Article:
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1/4. Isolation of rickettsia prowazekii from blood by shell vial cell culture.

    A blood sample from a patient who returned from algeria with a fever inoculated on human embryonic lung fibroblasts by the shell vial cell culture technique led to the recovery of rickettsia prowazekii. The last clinical strain was isolated 30 years ago. Shell vial cell culture is a versatile method that could replace the classic animal and/or embryonated egg inoculation.
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2/4. Possible typhus-group infection in new york State: presentation of four suspect cases.

    Epidemiologic investigations were recently conducted on four cases which were reported in new york State in 1986 and 1987, three of which were within one family. These included hospital chart reviews, case or family interviews, animal trappings, and ectoparasite surveys. serologic tests and immunoblots were performed on blood samples obtained from these patients. All four patients had acute febrile illnesses; two required hospitalization and one died. Microimmunofluorescence test results using rickettsia typhi and R. prowazekii antigens showed a greater than or equal to 4-fold increase in titer with paired sera from three patients. The remaining patient had a single serum titer of 4096 with both antigens. In addition, sera from all patients reacted with R. typhi in the immunoblot test and, from the three patients for whom sera were available, also with R. prowazekii. Results suggest that the four patients were exposed to the typhus-group rickettsiae or to an organism which shares a common epitope(s).
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3/4. epidemiology and ecology of rickettsial diseases in the People's Republic of china.

    Since 1949, information on rickettsial diseases in the People's Republic of china has been virtually nonexistent in the West. This is the first comprehensive review of the ecology and epidemiology of Chinese rickettsial diseases to be published outside the People's Republic. At least five rickettsioses exist in china: scrub typhus, murine typhus, epidemic typhus, q fever, and one or more spotted fever-group (SFG) rickettsioses. Although epidemic typhus has been controlled and scrub typhus has abated in many areas, murine typhus, q fever, and SFG rickettsiosis are important public health problems. Serologic surveys indicate high prevalences of antibodies to coxiella burnetii, Rickettsia tsutsugamushi, and SFG rickettsiae in some regions; these rickettsiae have been isolated from humans, arthropods, and animals. doxycycline has emerged as the best treatment for murine typhus, epidemic typhus, and scrub typhus. china offers both opportunities and challenges for the investigation and alleviation of the problems of rickettsial diseases.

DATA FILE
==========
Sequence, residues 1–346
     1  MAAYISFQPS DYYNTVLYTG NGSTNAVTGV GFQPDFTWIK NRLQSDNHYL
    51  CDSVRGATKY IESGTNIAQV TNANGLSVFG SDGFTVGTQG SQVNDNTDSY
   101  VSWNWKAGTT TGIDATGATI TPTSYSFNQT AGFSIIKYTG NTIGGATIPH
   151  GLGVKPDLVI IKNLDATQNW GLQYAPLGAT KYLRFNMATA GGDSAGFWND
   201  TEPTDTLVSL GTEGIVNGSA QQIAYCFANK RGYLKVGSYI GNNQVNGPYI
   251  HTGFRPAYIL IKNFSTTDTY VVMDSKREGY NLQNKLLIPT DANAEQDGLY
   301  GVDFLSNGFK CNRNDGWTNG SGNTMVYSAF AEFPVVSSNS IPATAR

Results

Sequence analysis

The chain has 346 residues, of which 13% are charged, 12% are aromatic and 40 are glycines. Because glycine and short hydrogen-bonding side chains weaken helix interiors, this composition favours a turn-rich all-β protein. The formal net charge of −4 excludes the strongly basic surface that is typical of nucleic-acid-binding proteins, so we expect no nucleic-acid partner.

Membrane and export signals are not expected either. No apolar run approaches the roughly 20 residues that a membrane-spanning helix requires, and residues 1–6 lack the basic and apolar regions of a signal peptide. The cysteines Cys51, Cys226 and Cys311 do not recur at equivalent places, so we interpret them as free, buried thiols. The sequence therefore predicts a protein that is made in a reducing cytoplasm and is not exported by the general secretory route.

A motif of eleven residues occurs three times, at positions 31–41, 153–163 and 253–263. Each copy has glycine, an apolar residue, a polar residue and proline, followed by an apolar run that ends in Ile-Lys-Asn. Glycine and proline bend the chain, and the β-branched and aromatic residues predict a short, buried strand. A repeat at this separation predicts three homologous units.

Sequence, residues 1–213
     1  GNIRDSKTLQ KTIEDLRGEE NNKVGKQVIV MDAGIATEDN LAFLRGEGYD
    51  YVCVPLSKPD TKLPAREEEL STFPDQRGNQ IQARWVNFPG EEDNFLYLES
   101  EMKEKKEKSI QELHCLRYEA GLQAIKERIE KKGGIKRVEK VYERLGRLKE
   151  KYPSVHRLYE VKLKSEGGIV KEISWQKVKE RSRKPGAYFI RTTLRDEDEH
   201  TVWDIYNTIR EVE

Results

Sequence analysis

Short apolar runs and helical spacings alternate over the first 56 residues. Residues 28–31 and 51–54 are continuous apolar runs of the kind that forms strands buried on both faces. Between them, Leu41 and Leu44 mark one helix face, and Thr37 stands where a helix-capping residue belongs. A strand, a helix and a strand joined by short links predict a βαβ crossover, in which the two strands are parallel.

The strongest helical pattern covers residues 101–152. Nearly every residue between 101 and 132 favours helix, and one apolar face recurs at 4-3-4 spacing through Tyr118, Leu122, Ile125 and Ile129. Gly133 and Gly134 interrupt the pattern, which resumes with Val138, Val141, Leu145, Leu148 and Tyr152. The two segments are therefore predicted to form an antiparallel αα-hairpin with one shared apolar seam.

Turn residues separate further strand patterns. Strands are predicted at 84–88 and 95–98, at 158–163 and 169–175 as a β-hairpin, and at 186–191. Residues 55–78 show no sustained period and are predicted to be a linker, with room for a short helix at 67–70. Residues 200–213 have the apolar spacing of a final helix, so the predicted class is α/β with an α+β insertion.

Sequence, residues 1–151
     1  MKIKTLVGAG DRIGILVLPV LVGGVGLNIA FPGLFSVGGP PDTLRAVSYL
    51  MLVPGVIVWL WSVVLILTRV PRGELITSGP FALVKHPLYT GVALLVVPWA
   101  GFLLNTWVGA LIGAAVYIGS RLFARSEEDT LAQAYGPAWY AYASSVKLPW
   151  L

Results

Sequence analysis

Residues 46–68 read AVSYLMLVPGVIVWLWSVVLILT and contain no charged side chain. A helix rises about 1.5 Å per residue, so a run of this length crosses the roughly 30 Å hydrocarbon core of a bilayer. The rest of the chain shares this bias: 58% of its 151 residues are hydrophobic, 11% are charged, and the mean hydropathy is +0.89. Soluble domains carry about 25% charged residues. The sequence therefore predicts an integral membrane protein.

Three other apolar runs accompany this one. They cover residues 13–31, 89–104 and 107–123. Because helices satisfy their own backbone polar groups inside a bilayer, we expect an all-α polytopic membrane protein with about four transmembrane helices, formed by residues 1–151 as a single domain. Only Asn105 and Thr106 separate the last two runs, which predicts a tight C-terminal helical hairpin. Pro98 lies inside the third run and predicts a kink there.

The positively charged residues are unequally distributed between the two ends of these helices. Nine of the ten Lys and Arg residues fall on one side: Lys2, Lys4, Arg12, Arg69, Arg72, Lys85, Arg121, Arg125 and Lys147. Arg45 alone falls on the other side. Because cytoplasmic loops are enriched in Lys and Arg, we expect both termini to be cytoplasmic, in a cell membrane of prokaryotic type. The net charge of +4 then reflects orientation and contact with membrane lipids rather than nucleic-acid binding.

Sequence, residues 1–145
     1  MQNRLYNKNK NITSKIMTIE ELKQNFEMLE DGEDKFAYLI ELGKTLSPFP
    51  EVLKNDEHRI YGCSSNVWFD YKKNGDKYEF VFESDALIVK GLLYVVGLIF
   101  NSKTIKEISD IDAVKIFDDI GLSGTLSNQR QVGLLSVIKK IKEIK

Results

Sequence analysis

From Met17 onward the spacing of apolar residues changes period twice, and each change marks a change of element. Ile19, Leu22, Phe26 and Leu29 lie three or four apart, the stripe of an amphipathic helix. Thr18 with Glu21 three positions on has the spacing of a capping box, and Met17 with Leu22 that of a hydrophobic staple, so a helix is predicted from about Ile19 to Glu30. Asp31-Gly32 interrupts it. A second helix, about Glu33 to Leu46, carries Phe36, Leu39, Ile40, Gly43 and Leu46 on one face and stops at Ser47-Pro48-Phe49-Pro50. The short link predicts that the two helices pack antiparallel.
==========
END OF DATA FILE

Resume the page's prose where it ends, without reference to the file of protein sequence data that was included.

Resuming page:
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4/4. Epidemic typhus in the united states associated with flying squirrels.

    Between July 1977 and January 1980, seven cases of sporadic, nonepidemic "epidemic" typhus (rickettsia prowazekii) were discovered in Virginia, west virginia, and north carolina. The reservoir seemed to be the southern flying squirrel (Glaucomys volans), an animal indigenous to the eastern united states; however, the vector or mode of acquisition was not evident. diagnosis was established principally through complement fixation, indirect immunofluorescence, and toxin neutralization tests. patients' ages were 11 to 81 years. Most were white women. Six had abrupt onset of illness. Headaches, fever, myalgias, and exanthems were among the presenting complaints. The disease seemed milder than classic louse-born epidemic typhus, but in some instances, it was life-threatening. All patients responded to tetracycline or chloramphenicol. This entity probably is more common than reported, is difficult to recognize, and is produced by an organism seemingly identical to that producing louse-born epidemic typhus.
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